Koch to Nixon: Help Break Curtain of Silence Concerning Soviet Jews

President Nixon “must help break the iron curtain of silence concerning Soviet Jewry when he visits Moscow.” Rep. Edward I. Koch (D.N.Y.) told the 1972 national convention of the Workmen’s Circle meeting here. Koch last night urged the President to reveal publicly whether the question of Soviet Jews was on the agenda of his projected Soviet talks. He also urged Nixon to “ask to visit the families of those who have been imprisoned after the Leningrad, Kiev and Kishinev trials,”

The Congressman suggested that when the President visits Warsaw after his Moscow Journey that he “go to the site of the Warsaw Ghetto so that he can be reminded, and remind other world leaders, what happens when the free world remains silent or plays politics with the destinies of those under totalitarian repression.” Stating that the question of Soviet Jews “is not an internal issue for the Soviets but has become a world issue of conscience,” Koch told the 1000 delegates that “how the President handles or does not handle this issue in Moscow is of vital importance to the democratic communities of the world.”

NIXON LAUDS WORKMEN’S CIRCLE

At an earlier session, Bernard Backer, outgoing president, said that the Soviet Union had a two-fold obligation to carry out for its Jewish citizens: “The right for them to emigrate to Israel or any other land of their choice, and the right to live and survive within Soviet borders without recrimination or oppression or discrimination because they are Jews.”

He also said that “there must be more than one road for migration for Soviet Jews.” He declared that “however fortunate we are that Israel is there to receive new Jewish immigrants, we still cannot live with the fact that Jews are welcome only in Israel.”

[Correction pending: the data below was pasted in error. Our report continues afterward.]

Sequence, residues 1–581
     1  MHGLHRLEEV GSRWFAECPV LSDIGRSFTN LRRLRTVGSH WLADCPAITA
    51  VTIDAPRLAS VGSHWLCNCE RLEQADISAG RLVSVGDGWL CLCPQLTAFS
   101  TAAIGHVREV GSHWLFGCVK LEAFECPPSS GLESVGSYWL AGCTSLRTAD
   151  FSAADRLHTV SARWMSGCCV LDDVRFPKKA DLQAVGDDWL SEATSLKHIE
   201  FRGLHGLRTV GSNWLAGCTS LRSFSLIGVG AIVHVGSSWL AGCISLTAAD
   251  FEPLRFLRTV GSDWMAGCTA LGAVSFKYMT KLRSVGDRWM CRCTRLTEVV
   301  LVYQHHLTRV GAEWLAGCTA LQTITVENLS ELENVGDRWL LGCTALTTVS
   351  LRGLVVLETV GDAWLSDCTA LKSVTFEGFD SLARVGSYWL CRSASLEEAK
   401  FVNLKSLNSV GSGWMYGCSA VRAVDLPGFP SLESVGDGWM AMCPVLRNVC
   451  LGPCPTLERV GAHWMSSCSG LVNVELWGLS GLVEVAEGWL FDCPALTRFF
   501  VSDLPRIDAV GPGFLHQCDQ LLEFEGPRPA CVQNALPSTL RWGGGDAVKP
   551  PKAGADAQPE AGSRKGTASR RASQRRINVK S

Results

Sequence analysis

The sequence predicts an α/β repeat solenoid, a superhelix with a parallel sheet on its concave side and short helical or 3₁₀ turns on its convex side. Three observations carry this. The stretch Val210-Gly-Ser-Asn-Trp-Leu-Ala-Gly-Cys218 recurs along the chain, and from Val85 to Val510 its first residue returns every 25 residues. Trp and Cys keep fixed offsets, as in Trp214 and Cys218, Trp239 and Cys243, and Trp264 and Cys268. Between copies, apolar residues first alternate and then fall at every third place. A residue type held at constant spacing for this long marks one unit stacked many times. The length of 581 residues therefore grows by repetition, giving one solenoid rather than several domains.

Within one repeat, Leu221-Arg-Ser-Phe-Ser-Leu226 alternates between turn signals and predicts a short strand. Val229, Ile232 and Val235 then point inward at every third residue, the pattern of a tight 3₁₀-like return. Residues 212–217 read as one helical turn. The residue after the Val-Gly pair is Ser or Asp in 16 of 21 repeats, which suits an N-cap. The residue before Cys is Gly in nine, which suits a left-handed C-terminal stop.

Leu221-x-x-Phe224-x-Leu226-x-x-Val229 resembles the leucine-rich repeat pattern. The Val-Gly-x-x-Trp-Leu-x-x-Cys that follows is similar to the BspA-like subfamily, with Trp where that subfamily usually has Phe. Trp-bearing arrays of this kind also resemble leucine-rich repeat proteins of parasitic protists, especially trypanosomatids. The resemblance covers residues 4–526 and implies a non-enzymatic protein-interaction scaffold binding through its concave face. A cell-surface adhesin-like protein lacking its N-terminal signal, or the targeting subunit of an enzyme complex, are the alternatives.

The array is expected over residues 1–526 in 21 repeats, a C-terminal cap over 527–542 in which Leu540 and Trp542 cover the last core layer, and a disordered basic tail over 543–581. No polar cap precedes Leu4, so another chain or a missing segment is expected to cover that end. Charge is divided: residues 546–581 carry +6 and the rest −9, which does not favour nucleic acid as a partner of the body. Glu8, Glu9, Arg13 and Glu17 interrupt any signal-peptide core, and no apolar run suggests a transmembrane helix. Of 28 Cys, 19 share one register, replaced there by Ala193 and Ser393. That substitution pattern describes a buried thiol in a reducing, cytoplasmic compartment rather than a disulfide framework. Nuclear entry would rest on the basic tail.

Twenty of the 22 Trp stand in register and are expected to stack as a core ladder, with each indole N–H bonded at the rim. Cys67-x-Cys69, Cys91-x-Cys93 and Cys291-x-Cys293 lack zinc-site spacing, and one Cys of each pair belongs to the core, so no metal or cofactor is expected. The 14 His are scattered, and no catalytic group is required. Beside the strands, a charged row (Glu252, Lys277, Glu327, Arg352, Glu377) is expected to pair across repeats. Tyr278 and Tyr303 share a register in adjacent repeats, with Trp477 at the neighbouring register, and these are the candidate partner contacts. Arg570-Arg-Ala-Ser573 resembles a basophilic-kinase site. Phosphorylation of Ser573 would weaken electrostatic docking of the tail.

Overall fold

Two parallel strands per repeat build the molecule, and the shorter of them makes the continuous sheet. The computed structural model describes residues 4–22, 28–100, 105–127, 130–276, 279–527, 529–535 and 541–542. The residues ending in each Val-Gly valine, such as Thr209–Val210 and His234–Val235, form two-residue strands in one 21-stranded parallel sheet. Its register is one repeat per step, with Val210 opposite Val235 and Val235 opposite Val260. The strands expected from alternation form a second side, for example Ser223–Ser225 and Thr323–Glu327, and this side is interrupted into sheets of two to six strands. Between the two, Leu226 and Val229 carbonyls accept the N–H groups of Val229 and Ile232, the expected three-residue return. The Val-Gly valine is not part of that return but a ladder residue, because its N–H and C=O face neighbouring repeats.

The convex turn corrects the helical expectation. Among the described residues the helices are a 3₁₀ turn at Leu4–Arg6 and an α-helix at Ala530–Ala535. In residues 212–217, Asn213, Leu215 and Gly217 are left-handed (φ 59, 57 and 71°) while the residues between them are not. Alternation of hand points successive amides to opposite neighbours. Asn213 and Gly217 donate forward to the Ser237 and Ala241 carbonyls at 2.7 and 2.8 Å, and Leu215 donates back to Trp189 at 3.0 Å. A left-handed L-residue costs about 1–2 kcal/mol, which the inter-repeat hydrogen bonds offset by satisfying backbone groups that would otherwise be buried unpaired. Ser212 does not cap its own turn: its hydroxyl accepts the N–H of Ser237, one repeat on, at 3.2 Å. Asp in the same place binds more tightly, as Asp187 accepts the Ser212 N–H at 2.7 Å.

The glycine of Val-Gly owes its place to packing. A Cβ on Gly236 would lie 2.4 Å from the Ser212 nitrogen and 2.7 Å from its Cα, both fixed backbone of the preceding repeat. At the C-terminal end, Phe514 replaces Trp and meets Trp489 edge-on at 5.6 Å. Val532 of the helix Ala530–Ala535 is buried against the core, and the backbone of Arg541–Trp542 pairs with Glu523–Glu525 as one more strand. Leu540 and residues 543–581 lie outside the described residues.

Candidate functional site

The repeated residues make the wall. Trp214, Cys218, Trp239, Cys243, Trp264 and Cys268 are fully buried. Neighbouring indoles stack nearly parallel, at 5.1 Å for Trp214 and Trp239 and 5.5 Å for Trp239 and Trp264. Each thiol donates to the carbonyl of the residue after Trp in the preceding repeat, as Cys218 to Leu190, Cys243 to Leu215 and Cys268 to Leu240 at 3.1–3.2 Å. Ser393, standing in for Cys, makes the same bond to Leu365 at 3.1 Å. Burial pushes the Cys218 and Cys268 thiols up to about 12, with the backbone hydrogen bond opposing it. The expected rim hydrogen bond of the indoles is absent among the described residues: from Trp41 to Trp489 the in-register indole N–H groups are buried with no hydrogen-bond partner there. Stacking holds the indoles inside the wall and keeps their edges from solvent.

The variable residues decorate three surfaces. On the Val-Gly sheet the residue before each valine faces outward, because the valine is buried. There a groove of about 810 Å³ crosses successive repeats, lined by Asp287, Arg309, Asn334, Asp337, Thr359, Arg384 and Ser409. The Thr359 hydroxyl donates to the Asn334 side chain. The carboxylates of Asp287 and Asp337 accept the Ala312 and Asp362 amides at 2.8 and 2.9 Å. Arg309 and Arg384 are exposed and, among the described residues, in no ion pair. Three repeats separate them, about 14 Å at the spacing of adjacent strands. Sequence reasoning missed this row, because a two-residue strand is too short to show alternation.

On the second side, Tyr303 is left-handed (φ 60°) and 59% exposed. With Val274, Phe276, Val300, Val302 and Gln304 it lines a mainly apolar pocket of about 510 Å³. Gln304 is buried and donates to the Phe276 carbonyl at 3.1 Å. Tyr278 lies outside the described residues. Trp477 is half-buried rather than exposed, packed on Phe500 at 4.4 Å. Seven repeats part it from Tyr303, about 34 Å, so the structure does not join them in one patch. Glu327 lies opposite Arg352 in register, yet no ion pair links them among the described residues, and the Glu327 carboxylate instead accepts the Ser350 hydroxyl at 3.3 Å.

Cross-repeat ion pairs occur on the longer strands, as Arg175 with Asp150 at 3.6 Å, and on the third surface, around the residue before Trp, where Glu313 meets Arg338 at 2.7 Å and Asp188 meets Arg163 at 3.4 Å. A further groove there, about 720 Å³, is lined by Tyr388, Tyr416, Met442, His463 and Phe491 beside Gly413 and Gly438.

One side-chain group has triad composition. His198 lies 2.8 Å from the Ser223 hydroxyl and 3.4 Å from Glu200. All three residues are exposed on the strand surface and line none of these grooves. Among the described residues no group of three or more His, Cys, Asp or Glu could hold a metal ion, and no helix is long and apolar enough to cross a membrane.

In a message to the convention, Nixon lauded “the humanitarian efforts” of the fraternal organization, adding that its “constructive influence is felt in major urban centers of the United States and Canada.” He said he applauded “the contributions you have made to the well-being of countless men and women and to the free labor movement of the world.”

William Stern, executive secretary of the Workmen’s Circle, told the delegates that the organization has assets of more than $13.4 million and that their 55,000 members from 24 states and the two major cities of Canada hold insurance coverage of more than $30 million. “This,” said Stern”, is phenomenal in an era of rising costs and declining organizational memberships.” Stern also stated that “our Jewish cultural activities, a new awareness by Jewish youth that one can have a sense of social Justice without surrendering to totalitarian dogmas, and the fact that in the medical and social service field we had pioneered where others are now first finding fertile fields, are contributing to our stabilized position,”

Another group of Jewish emigres from the Soviet Union arrived in Tel Aviv last night, among them several activists. The new arrivals included Vladimir Machlis, 28, whose brother, Leonid, staged a hunger strike in NY recently in support of Vladimir’s demand for an exit visa.

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